Memory loss touches many families. My Aunt Claudia was a no-nonsense, tell-it-like-it-is kind of woman. I adored her. She was a sweet woman who loved her family, doting on her younger siblings and all their children whenever we visited. She met and married her high school sweetheart, my Uncle Jimmy, in her late teens. They raised three children together, and when her mother died at a young age, both she and Uncle Jimmy were surrogate parents to her siblings too. Aunt Claudia ruled the roost (even when she wasn’t in her roost). Uncle Jimmy was no shrinking violet either, but when it came to my Aunt Claudia his response was always “yes Claudie.”
Perhaps some forgetfulness comes with age, but at a certain point we noticed Aunt Claudia experiencing serious cognitive decline. We heard from the other California family (where she lived) about some vague cause for the change, but in truth, I was never sure of the underlying cause. She and Uncle Jimmy were from an era when you didn’t talk about serious health issues. So, while it appeared “out of nowhere” to some of us in the family, I think they knew what was coming: an incredibly disorienting time for her and the family. Uncle Jimmy and their children were lucky enough to be able to care for Aunt Claudia as her memory and ability for self-care eroded. None of us expected it to go as fast as it did, and it was hard on all of us to watch this happen to our vibrant, fun Claudia. There were moments during her decline when she was still Aunt Claudia — opinionated, loving, and utterly hilarious. We cherished those moments, even as they became few and far between.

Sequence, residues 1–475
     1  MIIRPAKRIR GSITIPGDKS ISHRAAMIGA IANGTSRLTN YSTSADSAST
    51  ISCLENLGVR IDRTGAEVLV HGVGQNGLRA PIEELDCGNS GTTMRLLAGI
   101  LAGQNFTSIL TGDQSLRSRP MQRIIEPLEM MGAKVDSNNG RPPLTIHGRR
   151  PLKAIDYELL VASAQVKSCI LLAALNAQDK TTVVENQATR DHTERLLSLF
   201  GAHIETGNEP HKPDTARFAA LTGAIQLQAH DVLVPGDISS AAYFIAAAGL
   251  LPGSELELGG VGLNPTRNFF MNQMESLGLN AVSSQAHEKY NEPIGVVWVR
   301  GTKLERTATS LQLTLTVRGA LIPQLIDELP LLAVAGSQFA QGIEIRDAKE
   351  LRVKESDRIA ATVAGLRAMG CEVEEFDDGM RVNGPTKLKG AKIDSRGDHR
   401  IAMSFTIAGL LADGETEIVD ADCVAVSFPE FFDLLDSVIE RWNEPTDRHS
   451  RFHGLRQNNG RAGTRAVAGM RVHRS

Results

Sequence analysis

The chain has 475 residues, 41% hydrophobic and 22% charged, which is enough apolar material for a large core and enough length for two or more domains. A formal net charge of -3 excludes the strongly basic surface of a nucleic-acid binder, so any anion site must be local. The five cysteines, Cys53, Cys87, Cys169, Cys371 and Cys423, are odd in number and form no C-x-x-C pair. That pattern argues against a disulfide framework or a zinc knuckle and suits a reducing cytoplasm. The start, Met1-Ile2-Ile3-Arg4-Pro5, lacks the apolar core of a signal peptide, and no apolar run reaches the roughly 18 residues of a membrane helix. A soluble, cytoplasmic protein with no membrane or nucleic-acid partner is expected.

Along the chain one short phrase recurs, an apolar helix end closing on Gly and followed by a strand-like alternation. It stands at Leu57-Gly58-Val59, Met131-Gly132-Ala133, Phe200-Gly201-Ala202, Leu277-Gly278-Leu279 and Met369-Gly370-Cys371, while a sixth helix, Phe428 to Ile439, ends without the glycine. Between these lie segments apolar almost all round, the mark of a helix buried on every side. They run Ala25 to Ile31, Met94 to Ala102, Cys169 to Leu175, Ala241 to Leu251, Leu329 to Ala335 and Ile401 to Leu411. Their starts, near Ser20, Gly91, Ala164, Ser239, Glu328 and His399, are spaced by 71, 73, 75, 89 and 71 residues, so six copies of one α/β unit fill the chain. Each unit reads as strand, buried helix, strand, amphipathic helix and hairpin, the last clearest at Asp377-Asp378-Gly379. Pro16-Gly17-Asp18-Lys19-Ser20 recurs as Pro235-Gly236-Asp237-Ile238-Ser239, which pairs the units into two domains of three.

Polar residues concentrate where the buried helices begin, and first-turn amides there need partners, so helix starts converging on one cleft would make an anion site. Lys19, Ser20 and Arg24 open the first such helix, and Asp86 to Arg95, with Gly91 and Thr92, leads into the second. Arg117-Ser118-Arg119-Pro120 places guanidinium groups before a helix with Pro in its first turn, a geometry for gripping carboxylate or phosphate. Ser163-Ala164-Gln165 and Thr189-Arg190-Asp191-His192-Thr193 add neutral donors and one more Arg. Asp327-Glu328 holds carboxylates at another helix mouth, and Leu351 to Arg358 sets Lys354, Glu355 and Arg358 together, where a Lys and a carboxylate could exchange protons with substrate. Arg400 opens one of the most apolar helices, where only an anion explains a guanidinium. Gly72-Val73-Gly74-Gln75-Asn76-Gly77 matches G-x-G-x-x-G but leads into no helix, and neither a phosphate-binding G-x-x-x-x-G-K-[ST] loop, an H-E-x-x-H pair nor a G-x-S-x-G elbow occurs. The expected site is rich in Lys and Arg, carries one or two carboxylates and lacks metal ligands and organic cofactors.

Unfortunately, my family’s experience with memory issues is not that uncommon. As we recognize Alzheimer’s Awareness Month this November, I can’t help but think of Aunt Claudia and the numerous clients and families I’ve worked with over the years who are facing similarly challenging diagnoses. To my mind raising awareness is critical because the silence and lack of support are part of what makes the experience even more painful. Perhaps if Aunt Claudia had more of an understanding of her condition or sought support earlier, the last years with her would’ve been a bit less jarring for her and our family. That’s why I’m so passionate about Alzheimer’s awareness. (Our team participated in the Walk to End Alzheimer’s this October, too!)
Of course, in our work, the other important aspect to all forms of dementia is preparedness. Having your estate plan established and updated regularly is so important when these diagnoses are discovered. Legally, we cannot allow someone to sign a document when they may not understand the full intent or meaning behind it. This means that a family working through the reality of an Alzheimer’s diagnosis and the need for estate planning for their loved one may have to go to court to get affairs in good order.
We want to prevent that. Preparing documents now that create surrogate decision-makers for you in times of incapacity can be powerful tools for your family. No one wants to think about it, but it is important to have these safeguards in place so your family and you can focus on living, caregiving and just being present in the event your memory diminishes to the point where you need help.
Contact Us to Create Documents that Plan for Memory Loss
Take time to plan for your future this month in honor of the many, many people living with memory loss. I do work like this in honor of my aunt, a strong woman who loved her family and lived a full, happy life.
You can learn more about Alzheimer’s and other forms of dementia at the Alzheimer’s Association’s website, www.alz.org.